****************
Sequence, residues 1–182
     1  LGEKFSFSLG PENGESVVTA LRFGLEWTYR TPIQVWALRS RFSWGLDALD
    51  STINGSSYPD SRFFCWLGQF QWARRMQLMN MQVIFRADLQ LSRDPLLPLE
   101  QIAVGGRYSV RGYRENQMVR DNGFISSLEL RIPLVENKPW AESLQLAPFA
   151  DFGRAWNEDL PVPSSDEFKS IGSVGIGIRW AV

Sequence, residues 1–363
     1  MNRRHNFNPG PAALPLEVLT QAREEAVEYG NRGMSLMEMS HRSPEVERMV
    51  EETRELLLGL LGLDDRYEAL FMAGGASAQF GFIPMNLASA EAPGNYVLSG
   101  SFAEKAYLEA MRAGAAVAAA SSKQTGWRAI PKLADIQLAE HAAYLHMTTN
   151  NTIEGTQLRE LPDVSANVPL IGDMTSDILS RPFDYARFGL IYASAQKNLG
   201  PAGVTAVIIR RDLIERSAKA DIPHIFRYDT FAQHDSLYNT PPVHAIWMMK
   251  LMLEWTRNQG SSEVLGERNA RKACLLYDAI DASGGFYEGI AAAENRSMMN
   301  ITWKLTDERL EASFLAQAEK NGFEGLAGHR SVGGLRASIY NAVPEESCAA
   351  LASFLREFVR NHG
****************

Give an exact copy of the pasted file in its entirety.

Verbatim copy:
Sequence, residues 1–182
     1  LGEKFSFSLG PENGESVVTA LRFGLEWTYR TPIQVWALRS RFSWGLDALD
    51  STINGSSYPD SRFFCWLGQF QWARRMQLMN MQVIFRADLQ LSRDPLLPLE
   101  QIAVGGRYSV RGYRENQMVR DNGFISSLEL RIPLVENKPW AESLQLAPFA
   151  DFGRAWNEDL PVPSSDEFKS IGSVGIGIRW AV

Sequence, residues 1–363
     1  MNRRHNFNPG PAALPLEVLT QAREEAVEYG NRGMSLMEMS HRSPEVERMV
    51  EETRELLLGL LGLDDRYEAL FMAGGASAQF GFIPMNLASA EAPGNYVLSG
   101  SFAEKAYLEA MRAGAAVAAA SSKQTGWRAI PKLADIQLAE HAAYLHMTTN
   151  NTIEGTQLRE LPDVSANVPL IGDMTSDILS RPFDYARFGL IYASAQKNLG
   201  PAGVTAVIIR RDLIERSAKA DIPHIFRYDT FAQHDSLYNT PPVHAIWMMK
   251  LMLEWTRNQG SSEVLGERNA RKACLLYDAI DASGGFYEGI AAAENRSMMN
   301  ITWKLTDERL EASFLAQAEK NGFEGLAGHR SVGGLRASIY NAVPEESCAA
   351  LASFLREFVR NHG